This month, Hurricane Phailin hit the eastern coast of India, resulting in the evacuation of over 800,000 people while knocking down power lines and washing away vulnerable homes in the area. It was 14 years ago when another cyclone hit the area and killed over 10,000 people.
The Bay of Bengal is highly susceptible to these destructive storms, as its churned out plenty of damaging cyclones in the past century. Over 12 million people live in the storm’s path and 17 deaths have been officially reported so far. The number is extremely low compared to past catastrophes and may signal to India’s preparation concerning such tragedies. The evacuation was done swiftly and prevented casualties.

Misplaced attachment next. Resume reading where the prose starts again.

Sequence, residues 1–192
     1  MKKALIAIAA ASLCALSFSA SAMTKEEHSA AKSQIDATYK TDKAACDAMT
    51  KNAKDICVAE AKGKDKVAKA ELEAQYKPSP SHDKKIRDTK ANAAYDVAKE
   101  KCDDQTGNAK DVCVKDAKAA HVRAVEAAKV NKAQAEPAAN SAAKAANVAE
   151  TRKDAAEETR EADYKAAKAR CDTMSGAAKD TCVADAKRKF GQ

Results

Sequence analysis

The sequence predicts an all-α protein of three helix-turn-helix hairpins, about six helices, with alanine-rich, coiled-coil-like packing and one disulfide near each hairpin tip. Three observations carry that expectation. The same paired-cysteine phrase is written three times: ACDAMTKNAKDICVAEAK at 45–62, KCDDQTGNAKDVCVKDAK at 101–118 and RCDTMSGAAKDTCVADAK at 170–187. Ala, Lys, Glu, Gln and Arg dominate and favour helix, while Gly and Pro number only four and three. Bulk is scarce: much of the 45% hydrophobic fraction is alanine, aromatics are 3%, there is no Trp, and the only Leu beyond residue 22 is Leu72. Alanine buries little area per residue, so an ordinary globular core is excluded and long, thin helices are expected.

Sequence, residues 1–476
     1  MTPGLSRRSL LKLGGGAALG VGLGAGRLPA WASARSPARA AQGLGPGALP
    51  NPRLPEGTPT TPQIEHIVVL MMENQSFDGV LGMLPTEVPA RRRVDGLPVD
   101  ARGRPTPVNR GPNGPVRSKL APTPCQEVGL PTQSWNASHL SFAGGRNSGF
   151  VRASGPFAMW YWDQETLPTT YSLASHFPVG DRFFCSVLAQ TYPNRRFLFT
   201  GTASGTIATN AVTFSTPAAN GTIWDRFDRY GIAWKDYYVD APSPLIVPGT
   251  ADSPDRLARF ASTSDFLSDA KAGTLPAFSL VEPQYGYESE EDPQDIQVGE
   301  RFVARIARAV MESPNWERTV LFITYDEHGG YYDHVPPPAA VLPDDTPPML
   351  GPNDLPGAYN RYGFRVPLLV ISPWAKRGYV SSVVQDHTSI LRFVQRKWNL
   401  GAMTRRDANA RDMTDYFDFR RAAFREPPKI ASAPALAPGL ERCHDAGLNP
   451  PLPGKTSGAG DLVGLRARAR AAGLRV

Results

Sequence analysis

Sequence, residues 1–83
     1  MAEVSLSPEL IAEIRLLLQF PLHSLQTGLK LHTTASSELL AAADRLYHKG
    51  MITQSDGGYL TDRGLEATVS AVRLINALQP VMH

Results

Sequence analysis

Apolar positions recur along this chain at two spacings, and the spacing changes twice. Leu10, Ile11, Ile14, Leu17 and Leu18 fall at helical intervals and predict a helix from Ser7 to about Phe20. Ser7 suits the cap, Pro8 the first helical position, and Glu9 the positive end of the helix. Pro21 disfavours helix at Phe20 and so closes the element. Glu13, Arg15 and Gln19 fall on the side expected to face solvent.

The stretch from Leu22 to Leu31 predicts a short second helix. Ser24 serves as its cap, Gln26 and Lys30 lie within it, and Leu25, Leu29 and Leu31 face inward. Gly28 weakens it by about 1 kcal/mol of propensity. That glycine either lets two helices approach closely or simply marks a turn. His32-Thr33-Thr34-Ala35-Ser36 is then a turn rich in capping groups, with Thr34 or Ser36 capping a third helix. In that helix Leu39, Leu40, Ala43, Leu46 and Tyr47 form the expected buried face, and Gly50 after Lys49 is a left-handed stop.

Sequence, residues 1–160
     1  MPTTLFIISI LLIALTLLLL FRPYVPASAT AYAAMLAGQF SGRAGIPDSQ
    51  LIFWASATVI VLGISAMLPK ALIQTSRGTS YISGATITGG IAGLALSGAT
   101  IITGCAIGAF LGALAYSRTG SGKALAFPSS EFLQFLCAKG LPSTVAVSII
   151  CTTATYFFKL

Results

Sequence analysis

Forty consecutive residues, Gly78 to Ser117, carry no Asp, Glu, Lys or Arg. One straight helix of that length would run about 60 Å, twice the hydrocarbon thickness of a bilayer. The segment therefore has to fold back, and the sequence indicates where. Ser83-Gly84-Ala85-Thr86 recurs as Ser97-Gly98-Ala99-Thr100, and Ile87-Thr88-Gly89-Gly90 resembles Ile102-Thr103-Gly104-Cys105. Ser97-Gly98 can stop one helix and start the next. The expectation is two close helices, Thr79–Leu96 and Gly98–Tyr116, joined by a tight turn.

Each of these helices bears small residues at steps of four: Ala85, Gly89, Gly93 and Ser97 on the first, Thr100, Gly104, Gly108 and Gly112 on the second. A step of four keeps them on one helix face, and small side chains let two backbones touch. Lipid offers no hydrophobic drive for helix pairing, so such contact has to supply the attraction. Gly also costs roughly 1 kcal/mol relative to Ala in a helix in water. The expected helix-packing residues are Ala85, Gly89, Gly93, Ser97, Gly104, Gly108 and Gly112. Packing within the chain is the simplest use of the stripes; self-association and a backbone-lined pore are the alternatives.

Outside of the death toll and injuries that these storms have caused in the past, stability was one of the basic human needs that was hurt. With damage done to homes and communities along India’s coast, families in many instances have had to start over after losing crops, goods, and other valuables. Poverty is still a massive issue in India and is perpetuated with the conditioned use of the caste system, which still predominates in the country. With the many social injustices that are apparent when looking at India as a whole, the evacuation seems all the more impressive.
For once, a massive storm resulted in a well-communicated and well-executed evacuation that saved many more lives than past evacuations for other storms. This points to a sign of increasing stability and heavily prioritizing the safety of the country’s coastal citizens. If this mindset persists and human life is valued in all forms in India, the country’s infrastructure and future potential can expand into a justified state. There is still a lot of work to be done.